After Oliver’s surgery, she explained, “He was in the hospital for a week and had to stay so they could monitor everything. He was really out of it the first day, but by the second day, his heart started to return to normal size.”
During the following two weeks, she was able to be with Oliver as he healed, and they stayed at an Airbnb. Once he was able to have his stitches removed, the two traveled back home to Newtown together.
The Cost Of Love
Ms Becker said the whole process was expensive, explaining, “The surgery itself was $17,000. Then you have pre-op costs, post-op costs, and travel costs — so [it was] about $25,000 total. I started saving years ago, once he got diagnosed, and then put [the rest] on credit cards. I’ll be paying those off forever, but I feel like it was worth it.”
She has already heard from people telling her she is “crazy to spend that much on a dog,” but she says people spend that much money on a car, and all the car owner hears is how beautiful the vehicle looks. To her, she has made the best decision with her money, in that it is investing in the life of her dog whom she loves.
Only about a month after surgery, Oliver has been back to acting like his normal self — excited for life, wagging his tail, and taking trips to Ferris Acres Creamery for a pup cup.
For his own safety, though, Ms Becker has to make sure he has time to properly heal, so as to not overexert himself and reverse the entire surgery.
“He can’t run or jump for six months. We’re sleeping on a mattress pad on the floor because he can’t jump up on the bed. When we can’t watch him completely, he’s in the bedroom with the baby gate up,” she explained. Oliver also now enjoys the family walks from the comfort of a stroller in order to not overdo it.
Ms Becker says he has been able to keep his normal diet, since it is already low-sodium, but continues to be on some medications.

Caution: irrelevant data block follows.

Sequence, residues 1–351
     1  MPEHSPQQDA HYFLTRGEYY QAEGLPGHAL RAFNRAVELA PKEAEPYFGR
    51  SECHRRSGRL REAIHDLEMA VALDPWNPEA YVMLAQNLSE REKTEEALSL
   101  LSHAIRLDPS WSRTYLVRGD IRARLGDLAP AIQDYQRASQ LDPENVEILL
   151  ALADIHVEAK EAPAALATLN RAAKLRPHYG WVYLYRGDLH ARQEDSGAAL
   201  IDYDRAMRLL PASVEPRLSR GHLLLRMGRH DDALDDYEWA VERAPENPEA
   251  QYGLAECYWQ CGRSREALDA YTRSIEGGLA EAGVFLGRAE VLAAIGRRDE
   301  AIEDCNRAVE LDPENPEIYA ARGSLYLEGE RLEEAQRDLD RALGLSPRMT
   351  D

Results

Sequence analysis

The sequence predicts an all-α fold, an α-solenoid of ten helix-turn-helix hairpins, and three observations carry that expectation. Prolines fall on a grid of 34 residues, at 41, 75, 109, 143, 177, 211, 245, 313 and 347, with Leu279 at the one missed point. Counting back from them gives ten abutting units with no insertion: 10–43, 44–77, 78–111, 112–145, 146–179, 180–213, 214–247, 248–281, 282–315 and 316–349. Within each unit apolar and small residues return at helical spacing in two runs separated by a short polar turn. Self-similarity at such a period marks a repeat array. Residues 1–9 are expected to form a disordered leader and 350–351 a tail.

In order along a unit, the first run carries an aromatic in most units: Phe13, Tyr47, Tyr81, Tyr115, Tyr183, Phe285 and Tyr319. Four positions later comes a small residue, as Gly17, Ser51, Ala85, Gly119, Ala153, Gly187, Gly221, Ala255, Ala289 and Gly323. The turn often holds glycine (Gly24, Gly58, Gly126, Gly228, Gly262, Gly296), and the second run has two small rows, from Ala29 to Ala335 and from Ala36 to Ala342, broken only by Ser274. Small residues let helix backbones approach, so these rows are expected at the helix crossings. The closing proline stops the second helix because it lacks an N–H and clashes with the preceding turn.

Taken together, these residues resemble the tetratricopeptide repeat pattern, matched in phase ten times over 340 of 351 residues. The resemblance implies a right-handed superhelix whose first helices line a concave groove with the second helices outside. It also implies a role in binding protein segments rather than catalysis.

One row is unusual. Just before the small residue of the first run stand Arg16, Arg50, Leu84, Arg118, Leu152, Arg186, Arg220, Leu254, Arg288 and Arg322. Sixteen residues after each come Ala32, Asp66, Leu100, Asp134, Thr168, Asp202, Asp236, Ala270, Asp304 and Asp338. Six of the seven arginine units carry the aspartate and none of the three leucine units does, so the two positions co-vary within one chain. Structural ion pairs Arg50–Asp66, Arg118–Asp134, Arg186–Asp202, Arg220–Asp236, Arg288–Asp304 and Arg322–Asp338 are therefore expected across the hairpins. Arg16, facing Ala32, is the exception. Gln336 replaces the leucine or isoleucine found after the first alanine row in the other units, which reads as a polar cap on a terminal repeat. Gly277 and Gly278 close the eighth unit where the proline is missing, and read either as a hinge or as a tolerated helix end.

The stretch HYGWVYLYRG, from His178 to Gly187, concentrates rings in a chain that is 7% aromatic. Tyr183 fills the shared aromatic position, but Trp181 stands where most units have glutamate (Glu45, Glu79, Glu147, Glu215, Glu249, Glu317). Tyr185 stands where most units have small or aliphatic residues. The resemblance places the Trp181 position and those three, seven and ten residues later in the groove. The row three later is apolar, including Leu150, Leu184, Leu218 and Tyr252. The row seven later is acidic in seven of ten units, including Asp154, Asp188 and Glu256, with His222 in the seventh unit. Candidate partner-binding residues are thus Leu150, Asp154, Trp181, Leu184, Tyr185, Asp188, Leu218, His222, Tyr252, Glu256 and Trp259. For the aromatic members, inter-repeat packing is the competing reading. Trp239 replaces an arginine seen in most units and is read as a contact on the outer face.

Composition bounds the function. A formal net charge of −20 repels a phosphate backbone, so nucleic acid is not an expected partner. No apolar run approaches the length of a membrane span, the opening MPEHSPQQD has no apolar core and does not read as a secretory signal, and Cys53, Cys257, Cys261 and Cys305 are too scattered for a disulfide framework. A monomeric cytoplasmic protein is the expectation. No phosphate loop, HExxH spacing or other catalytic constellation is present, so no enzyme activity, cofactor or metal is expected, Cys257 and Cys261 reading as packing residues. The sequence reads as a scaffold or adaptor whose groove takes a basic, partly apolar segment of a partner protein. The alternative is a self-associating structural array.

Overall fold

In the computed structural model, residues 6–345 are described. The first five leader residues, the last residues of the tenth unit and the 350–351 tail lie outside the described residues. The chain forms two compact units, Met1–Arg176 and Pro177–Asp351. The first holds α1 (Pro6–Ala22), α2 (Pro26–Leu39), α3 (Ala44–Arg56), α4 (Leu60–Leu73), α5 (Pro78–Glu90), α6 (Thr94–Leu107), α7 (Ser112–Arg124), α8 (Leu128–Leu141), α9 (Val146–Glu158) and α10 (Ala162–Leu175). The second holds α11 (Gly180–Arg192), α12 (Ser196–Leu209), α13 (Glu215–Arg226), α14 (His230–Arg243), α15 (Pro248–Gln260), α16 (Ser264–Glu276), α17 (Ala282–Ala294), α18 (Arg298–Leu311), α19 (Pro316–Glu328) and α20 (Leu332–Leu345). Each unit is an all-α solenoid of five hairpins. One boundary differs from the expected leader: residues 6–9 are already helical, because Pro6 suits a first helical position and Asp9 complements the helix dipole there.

After surgery, however, Oliver still is not quite considered cured. Ms Becker will have a better understanding of his condition after his cardiologist appointment on July 31 to check his heart.
“Every dog is different with what complications they experience,” Ms Becker said. “The right side of his heart got a little enlarged after surgery, which is a complication of it, so we are hoping on the 31st we will see that it has gone down a bit.”
If all goes well, Oliver will be expected to have a normal lifespan, which for a Yorkie is estimated to be around 13 to 16 years.
“He’s still got plenty of years to go,” she assured.
Ms Becker understands that surgery is not an option for every pet owner whose dog has mitral valve disease, but says it is important for owners to be educated about the resources that are available. She recommends people visit mightyheartsproject.org to learn more about the disease, surgery, traveling, and to ask any questions they may have.
Even if someone is considering surgery as an option, she emphasizes the importance of beginning the quarantine process as soon as possible. It is a precaution that can make all the difference if the disease progresses quickly.
Ultimately, after all the traveling, different expenses, and uncertainty of the results, when asked if she would chose to do it all over again, she does not hesitate, saying, “absolutely.”
“I can’t look at him and deny him something that I can give him,” Ms Becker said. “He’s my boy.”